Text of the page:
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Brazilian-born Elisa Kemmisaki, 22, is a newly assigned English language teacher at Ushioda Junior High School in Yokohama.

She also helps pupils in the “kokusai kyoshitsu” (international classroom) pursue their study of Japanese and other subjects.

One recent Friday class was filled with restless students. A Brazilian boy spoke relatively fluent Japanese, while a female compatriot stumbled over reading her Japanese textbook.

The girl slipped back into her mother tongue, Portuguese, to ask her young teacher a question. When Kemmisaki replied in Portuguese, the girl smiled.

The students, children of Brazilian workers, are all newcomers to Japan.

Kemmisaki, who obtained Japanese citizenship, could not speak Japanese proficiently when she came to Japan from Brazil at age 9 when her parents immigrated, just like the students struggling at the school to master the language.

She is the perfect person to help these kids since she understands what they are going through, said Toshio Homma, the school’s principal.

She is considered a symbol of Japan’s internationalization.

“Homogeneous Japan is getting more multicultural, even if the pace is not too fast, and a teacher like her represents this phenomenon,” Honma said. “I expect her own experience will help her become a key figure to manage multicultural tutoring.”

But immigrants are still rare among Japan’s teacher ranks. In many cases, volunteers help school staff teach Japanese to pupils from overseas.

Situated in the heart of Yokohama’s industrial zone, the school Kemmisaki works at is on the frontline of a changing Japan, as 10 percent of its students have an overseas tie. Some are offspring of immigrant workers, others descendants of Koreans who came to Japan during its colonial rule of the Korean Peninsula.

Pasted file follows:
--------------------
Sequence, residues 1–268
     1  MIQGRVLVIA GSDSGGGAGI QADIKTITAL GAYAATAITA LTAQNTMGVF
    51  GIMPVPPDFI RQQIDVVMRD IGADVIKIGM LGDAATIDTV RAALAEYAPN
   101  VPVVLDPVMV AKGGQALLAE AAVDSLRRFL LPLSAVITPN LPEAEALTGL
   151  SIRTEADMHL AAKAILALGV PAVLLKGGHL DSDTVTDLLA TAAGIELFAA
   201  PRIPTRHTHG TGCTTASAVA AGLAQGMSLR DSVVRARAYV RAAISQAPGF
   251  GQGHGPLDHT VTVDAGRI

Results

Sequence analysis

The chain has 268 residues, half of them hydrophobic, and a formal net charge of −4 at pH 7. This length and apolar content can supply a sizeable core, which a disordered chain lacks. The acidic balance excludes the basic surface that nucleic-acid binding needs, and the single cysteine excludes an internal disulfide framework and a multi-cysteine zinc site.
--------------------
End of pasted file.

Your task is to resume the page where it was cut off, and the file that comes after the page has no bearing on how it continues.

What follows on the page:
Brazilians of Japanese descent enjoy easier government visa policies that started in 1990. Kemmisaki was born in Rio de Janeiro in 1980 to a Japanese-born father, Kohei, and Brazilian-Japanese mother, Kikuko.

Kohei decided to revisit Japan to see his gravely ill foster father. But the family’s destiny changed when Kohei, an electronics engineer, was hired by Hino Motors Ltd., a truck subsidiary of Toyota Motor Corp., and the family moved to a Tokyo suburb.

It was not an easy experience, but Kemmisaki said what helped her adapt were “first of all, the warmth of the people of Kagoshima Prefecture . . . and volleyball, which helped me make friends . . . plus my late grandfather, who taught to me to be proud to be a Japanese-Brazilian.”

Kemmisaki decided to become a teacher when she was told by the publisher of a newspaper for Brazilians in Japan that nearly half the children of Brazilian immigrants have difficulty in Japanese schools and that she could help them.

She always carries around a tattered Portuguese dictionary, which was used by her grandfather, who emigrated to Brazil in 1936. The dictionary serves as an inspiration, and reminds her that her grandfather must have faced much greater hardships.

“Gradually, I want to increase my commitment to the international classroom,” she said. “I want to help the students whose environment is just like mine.”

Kemmisaki feels individuality should be stressed in Japan’s schools and noted her surprise at the fact that children in Japanese schools must wear uniforms and go on school trips together, unlike in Brazil.

“Every student, whether he or she is born in Japan or outside Japan, has a different character, and that should be further fostered in education,” she said. “I believe that is the key to making the Japanese community a more mature and better one.”

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